Coming back home, growth still eludes us. We saw poor IIP numbers coupled with lower than expected inflation numbers which built an expectation of an RBI rate cut and the mint fresh Governor obliged. Markets have been resilient in the face of lot of uncertainties lying ahead. It seems to have gobbled up every single good news and kept bad news at bay. Liquidity seems to be fighting away all concerns on the ground, but for how long? Yes, India is one of the most stable countries thanks to its reliance on domestic consumption and a comfortable current account. We have seen progress w.r.t. new policy announcements like the GST bill or the bankruptcy code, which would lead India in the right direction and improve ease of doing business. India’s growth story still remains from medium to long term. However the stretched valuations currently shows how the future growth that may come due to GST, 7th Pay commission, government spending and cuts in interest rates has been priced today. The concern currently is the lack of private spending which shows there is still lack of demand. Hence, what the markets going forward would like to see is performance of India Inc., especially uptick in volumes.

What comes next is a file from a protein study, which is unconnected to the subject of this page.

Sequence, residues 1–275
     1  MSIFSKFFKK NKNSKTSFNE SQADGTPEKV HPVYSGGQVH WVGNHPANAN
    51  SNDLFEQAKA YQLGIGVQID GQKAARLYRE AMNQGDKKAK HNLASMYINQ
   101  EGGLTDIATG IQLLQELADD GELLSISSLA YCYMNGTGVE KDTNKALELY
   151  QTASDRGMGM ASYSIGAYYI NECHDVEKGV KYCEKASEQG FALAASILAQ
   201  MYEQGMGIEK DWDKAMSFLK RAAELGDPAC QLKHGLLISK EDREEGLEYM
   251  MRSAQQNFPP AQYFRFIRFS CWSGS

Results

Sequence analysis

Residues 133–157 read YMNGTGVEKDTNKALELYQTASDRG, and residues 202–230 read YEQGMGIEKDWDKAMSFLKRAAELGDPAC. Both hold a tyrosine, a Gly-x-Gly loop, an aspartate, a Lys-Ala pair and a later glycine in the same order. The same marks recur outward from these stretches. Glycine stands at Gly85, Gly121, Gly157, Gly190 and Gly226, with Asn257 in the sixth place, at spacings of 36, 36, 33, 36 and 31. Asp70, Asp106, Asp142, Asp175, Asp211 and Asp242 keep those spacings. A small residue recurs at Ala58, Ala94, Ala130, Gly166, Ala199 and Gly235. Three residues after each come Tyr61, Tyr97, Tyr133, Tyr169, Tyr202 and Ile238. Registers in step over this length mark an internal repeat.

The situation we currently see is one of asymmetric risk. In this case we believe that if everything turns out well the upside potential is limited; if the outcome is negative, then the downside risk is greater. In such situations with no large positives to look forward to, it is better for investors to look at tactical allocation by taking some money off risky assets and keep their strategic allocation aside until such time passes. The positives of India being the only alternative is gaining ground nudging the valuations into a bubble territory. Unless of course, corporate results start to go through the roof too. They better be quick!

 

Click here to read the report